Sadly, our time with Erin and Jemma was also far too short, and we said more goodbyes just a few days after our reunion... although we were happy to find no problem in occupying ourselves for the next couple of days in Sydney, where we visited the Art Gallery of NSW for the Picasso exhibition, ate humongous breakfasts, walked the gorgeous Bronte to Bondi seaside clifftop walk high above the ocean, and chilled out in Bondi (where it rained on us yet again) before hopping on a plane back to our far less exciting home of Brisbane. It was a fabulous end to a fabulous couple of weeks, and if I realized anything in that time, it's how small the world is nowadays -- my parents are already talking about what they plan to do "the next time" they come to Australia -- and the fact that we live just a short plane ride from all of these amazing places makes us really, really, really excited to be stationed once again down under. And the fact that my parents and I can share a hotel room for two weeks without murdering each other. :) Success all around! xx d.

Friday, December 2, 2011

A Weekend in the Centre

The third stop of our journey around Oz was a far bigger jump than the previous, so there was no time to waste. We barely had time to squeeze in a swim in our magnificent hotel pool at the Sheraton Port Douglas, or to have a peek at beautiful Four Mile Beach (my former commute to work), before it was time to pack up and head to the centre of Australia.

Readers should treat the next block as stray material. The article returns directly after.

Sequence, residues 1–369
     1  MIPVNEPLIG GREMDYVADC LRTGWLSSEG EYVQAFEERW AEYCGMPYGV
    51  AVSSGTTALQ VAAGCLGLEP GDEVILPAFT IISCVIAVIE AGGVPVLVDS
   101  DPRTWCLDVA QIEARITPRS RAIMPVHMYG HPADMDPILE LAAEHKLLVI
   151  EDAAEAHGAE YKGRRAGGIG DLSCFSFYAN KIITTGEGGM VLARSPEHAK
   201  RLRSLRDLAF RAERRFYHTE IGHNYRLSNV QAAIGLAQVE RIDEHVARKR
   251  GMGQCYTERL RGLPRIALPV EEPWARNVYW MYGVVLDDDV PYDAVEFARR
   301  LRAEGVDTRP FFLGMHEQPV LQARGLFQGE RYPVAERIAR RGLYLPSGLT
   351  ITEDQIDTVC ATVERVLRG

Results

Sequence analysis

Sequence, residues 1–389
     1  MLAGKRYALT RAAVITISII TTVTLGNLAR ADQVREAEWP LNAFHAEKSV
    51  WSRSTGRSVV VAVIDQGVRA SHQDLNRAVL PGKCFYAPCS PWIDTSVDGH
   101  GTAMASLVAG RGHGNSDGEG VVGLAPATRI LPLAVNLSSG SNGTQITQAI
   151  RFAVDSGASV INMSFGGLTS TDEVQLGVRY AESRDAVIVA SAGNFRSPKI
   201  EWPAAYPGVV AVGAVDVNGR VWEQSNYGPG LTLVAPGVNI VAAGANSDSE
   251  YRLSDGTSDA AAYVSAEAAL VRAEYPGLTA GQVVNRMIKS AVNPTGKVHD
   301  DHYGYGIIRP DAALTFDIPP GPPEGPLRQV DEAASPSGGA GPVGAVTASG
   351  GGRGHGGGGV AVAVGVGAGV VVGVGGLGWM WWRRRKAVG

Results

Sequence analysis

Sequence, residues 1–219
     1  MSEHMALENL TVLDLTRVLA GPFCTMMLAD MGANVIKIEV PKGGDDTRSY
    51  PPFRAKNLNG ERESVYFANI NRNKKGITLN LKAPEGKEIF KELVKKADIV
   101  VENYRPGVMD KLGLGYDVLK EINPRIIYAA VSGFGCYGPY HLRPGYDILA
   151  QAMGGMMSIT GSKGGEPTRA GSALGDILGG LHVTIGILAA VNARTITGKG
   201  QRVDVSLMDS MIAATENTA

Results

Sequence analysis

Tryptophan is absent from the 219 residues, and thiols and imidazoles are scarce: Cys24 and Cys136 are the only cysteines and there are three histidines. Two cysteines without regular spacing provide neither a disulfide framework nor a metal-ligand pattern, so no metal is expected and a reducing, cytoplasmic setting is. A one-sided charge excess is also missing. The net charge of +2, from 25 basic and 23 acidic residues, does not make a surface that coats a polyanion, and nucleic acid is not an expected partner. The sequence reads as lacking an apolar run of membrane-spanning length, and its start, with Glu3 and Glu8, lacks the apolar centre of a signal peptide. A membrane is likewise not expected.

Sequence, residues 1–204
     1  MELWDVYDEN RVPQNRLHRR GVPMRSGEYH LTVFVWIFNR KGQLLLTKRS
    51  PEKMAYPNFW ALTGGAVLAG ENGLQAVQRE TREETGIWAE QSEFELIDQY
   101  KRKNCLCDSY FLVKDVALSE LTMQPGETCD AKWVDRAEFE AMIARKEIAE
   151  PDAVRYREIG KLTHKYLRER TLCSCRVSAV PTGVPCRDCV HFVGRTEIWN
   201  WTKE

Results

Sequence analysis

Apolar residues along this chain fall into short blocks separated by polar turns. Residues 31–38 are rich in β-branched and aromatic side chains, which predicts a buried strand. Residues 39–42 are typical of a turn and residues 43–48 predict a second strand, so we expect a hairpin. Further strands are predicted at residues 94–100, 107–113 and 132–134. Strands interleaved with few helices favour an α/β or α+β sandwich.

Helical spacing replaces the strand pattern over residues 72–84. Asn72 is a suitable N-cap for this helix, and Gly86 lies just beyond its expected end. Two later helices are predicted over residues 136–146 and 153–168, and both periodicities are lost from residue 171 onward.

We were happy to learn on 26 November that Qantas had NOT yet gone on strike again! We were a little wary of flying with them, as we were making the flights bookings just as the strikes were happening just a few months back. This time when we landed, our runway was surrounded by red dirt and scrub, and we disembarked making jokes about being celebrities or presidents and the like (there's something about descending a stairway onto tarmac that feels so old-fashioned and glamorous!). It was hotter than ever and not a chance of rain in the vivid blue sky.

We checked into our hotel, and headed off to The Rock, loading up on water and hoping to catch the cooler time of the day in the late afternoon (actually, I kind of forgot at Uluru, it's ALWAYS oven-roasting hot). We checked out the very excellent park cultural centre and managed to brave one or two short walks, dodging tour groups and flies along the way. We caught a pretty fantastic sunset over the big rock-- probably what most people expect when visiting Uluru, but having experienced torrential rain on my first sunset viewing a few years back, I was very happy!

The next day was a real test of our stamina as we watched the themometer in the car climb to 34 degrees, then 36, then finally 40! We wanted to see as much of Uluru (Ayers Rock) and Kata Tjuta (The Olgas) as possible, but every time we got out of the car again for another walk to a cave or a trail seemed harder in the blazing heat. I feel like we did see a good chunk of the national park -- caught a great sunset, checked out cave paintings and water holes, and even saw a few lizards just before they dashed back into the scrub. The desert was actually very green when we were there, and there were wildflowers everywhere -- not what my parents pictured at all. The scenery and the colours of the landscape were incredible and it was yet another place that I was thrilled to revisit -- with a much better camera this time -- and seeing Uluru from the plane this time was quite the sight!  Finally, we felt like we'd seen (and sweated) enough and took a break at the hotel pool at Sails in the Desert, which to our surprise was ICE COLD. The desert really is a strange place....

*In case you're wondering, this is not the hotel pool.